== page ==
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Automatic Splitting in Data-Parallel Complex Event Processing Systems
Betreuer Dr. rer. nat. Ruben Mayer
Prüfer Prof. Dr. rer. nat. Dr. h. c. Kurt Rothermel

Complex Event Processing (CEP) is a paradigm applied in many different application areas like logistics, traffic monitoring and automatic trading, to infer from source events like sensor readings the occurrence of complex situations of interest in the surrounding world. Such situations can be, for instance, the delayed delivery of a packet, traffic jams or accidents and leading market signals. In order to stepwise infer their occurrence from the sensor streams, a distributed network of interconnected CEP operators, the operator graph, is deployed. Each operator processes incoming event streams and detects a designated part of an event pattern that corresponds to a situation of interest. If such a pattern was detected, a new event is produced and emitted in outgoing event streams to successor operators or to a consumer.

To be able to cope with high and fluctuating incoming event rates, the principle of data parallelization has been applied to CEP operators. To this end, incoming event streams are split into independently processable partitions and processed in parallel by a flexible number of operator instances. The challenge in doing so is to find partitions that yield consistent results, i.e., no false-negatives or false-positives are produced. Therefore, exactly those events need to be contained in a partition that belong to a sought-after event pattern. State-of-the-art data parallelization frameworks employ a dedicated splitter that builds the partitions on the incoming event streams of an operator and distributes them to the operator instances. However, the splitting rules currently have to be manually implemented by a domain expert.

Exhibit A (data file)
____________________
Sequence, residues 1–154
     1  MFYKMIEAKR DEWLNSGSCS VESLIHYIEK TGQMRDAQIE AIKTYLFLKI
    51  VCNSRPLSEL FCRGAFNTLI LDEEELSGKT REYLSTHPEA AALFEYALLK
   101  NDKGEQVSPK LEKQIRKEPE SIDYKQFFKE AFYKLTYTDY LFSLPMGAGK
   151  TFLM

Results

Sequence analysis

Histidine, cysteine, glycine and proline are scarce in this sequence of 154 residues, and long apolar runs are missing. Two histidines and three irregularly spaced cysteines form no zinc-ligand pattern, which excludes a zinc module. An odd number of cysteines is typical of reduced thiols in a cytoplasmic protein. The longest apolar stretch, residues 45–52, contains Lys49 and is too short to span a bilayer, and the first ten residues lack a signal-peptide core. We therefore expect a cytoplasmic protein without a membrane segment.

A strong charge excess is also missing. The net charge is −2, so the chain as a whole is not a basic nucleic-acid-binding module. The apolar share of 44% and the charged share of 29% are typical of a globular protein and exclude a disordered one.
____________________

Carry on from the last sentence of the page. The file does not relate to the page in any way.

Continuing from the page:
This can be cumbersome and error-prone. Hence, the goal of this thesis is to generate splitting rules automatically by analyzing the CEP query. To this end, state-of-the-art CEP query languages, like TESLA and Snoop, shall be analyzed first. Based on common patterns of such CEP languages, a pattern abstraction shall be derived that is used as an intermediate model between CEP queries and the splitting logic. Then, a method to automatically transform CEP queries to the intermediate model shall be developed. Finally, methods to automatically derive splitting rules from the model shall be devised.

The developed concepts shall be evaluated based on an existing prototype. The results of the thesis shall be presented in a talk in the VS colloquium.